If you were to take every line of this play and utter it aloud, very slowly, word by word like a robot in a very monotone fashion, you would probably capture the idea. If it's any indication, he wrote everything in French first--his second language--and then translated it in to English, just so it can be simple. I don't assume, of course, that this work should be cherished simply because it's an exercise in simplicity. But I submit that it should be cherished because it's a genuine, themeless--somehow--masterpiece about two people waiting for the most unimportant, unknown thing that may or may not ever come. It is frequently hilarious and constantly frivolous, but somehow, it manages to charm. It is like one of those songs that you can listen to over and over again, and it has no lyrics, and no meaning--as far as you know--but it still makes you feel good under glaring adversity.
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16 of 17 people found the following review helpful
4.0 out of 5 stars Waiting and Waiting and Waiting and ..., March 24, 2008
Waiting and Waiting and Waiting and ...

Review of Play: Waiting for Godot - A Tragicomedy in Two Acts

Written in: 1949

Premiere in: 1953

By: Samuel Beckett (1906 - 1989)

Originally written in French and translated to English by the author himself.

This play takes place on a desolate road next to a barren tree. There are two aimless men loitering and passing the time in discussion. They are soon joined by two others. The first act of the play lasts through one evening. The second act lasts through a second evening almost identical to the first. When ever the subject of leaving their spot arises, we learn that they can't leave because they are "Waiting for Godot" and need to stay at this particular spot on the road.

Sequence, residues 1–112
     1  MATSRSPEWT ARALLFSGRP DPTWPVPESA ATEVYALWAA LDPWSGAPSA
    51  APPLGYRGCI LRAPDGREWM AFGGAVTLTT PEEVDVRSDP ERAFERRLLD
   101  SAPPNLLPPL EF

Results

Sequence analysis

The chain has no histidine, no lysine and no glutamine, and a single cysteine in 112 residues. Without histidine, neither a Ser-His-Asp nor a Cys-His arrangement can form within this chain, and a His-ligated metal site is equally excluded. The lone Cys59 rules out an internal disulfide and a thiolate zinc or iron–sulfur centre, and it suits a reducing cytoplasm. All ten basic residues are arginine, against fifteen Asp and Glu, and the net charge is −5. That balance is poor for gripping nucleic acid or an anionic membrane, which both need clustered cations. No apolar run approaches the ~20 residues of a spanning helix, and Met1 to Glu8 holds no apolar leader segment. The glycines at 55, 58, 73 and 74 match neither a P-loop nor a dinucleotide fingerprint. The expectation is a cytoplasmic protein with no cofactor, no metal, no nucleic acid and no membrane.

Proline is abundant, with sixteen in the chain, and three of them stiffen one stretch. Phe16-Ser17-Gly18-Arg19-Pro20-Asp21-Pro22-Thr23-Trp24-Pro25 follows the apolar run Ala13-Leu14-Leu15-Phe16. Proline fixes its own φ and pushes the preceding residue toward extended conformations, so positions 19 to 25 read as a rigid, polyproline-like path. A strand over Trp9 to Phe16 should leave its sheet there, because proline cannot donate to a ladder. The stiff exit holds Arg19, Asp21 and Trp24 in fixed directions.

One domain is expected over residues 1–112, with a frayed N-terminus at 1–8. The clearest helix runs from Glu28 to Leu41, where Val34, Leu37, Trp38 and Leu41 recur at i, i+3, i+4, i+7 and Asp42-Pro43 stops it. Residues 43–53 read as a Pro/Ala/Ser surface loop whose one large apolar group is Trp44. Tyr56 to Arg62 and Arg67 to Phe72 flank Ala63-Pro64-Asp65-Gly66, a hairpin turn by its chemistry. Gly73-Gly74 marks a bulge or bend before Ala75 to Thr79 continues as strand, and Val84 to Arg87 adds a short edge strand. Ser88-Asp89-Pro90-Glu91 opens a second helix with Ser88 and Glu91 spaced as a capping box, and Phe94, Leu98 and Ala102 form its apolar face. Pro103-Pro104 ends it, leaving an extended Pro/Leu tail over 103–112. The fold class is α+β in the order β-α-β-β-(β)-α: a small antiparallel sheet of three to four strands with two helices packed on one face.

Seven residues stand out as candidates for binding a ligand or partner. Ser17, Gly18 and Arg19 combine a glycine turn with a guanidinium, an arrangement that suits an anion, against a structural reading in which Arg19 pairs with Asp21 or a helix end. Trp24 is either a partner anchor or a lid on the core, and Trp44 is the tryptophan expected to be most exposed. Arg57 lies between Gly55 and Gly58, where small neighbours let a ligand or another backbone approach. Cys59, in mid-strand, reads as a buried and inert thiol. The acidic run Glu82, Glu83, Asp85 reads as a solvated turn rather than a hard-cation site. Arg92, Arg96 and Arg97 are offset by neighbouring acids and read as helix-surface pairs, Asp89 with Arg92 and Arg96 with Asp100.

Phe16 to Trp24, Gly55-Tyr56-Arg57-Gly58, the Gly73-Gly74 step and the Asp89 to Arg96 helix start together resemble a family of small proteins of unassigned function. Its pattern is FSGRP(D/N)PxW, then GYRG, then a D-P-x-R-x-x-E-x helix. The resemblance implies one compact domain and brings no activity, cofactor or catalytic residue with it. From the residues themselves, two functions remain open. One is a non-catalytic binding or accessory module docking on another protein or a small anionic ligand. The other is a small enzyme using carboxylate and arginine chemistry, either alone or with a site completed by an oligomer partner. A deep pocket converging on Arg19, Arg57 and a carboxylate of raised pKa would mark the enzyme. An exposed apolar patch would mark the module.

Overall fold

There is a sense of timelessness. The second evenings (second act) seems to be slightly altered copy of the first evening (first act). The characters are "Waiting for Godot" and for salvation. Their wait for salvation might well be endless since all of them are loath to face their true motives, their real needs, their personal wants and honest desires. They don't seem to know why they are "Waiting for Godot" or what Godot (God?) will bring them. When they mention suicide they flippantly dismiss the subject. One time they say they can not hang themselves because they have no rope when in fact there is a rope lying on the stage as one of the few props.

They appear to have voluntarily subjected themselves to a purgatory and don't have the courage or initiative to even question their situation.

The discussion ranges from an inane account of boots being too tight to sophistic meanderings on the purpose of life. The characters seem to relentlessly keep talking to avoid facing something. We are not privy to any of their pasts or in fact any personal information about any of the characters. They might have been meeting on the desolate road for an endless time, so that any past that they had is lost in the mist of their memories.

The nearly barren tree reminds them of a hanging tree and by implication a crucifixion cross. The tree dominates the stage background just as Godot dominates the lives; free choice and every expression of the four main characters. Does the milieu force the characters to think of salvation to the exclusion of a meaningful life? Could their need for salvation keep them trapped in a purgative existence where escape would be a form of condemnation which none of them could tolerate?

The play "Waiting for Godot" forces the reader to ask questions of himself/herself.

Waiting for Godot

Krapp's Last Tape

Endgame and Act Without Words

I completely enjoyed and highly recommend this book.
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23 of 26 people found the following review helpful
4.0 out of 5 stars Powerfully Absurd, December 3, 2006
By 
This play is completely absurd and that is the powerful point that the writer is trying to make about existence and all that comes with it.

highly recommended for those who are interested in Philosophy, theater and the non traditional.
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Waiting for Godot (French Edition)
Waiting for Godot (French Edition) by Samuel Beckett (Spiral-bound - Dec. 1985)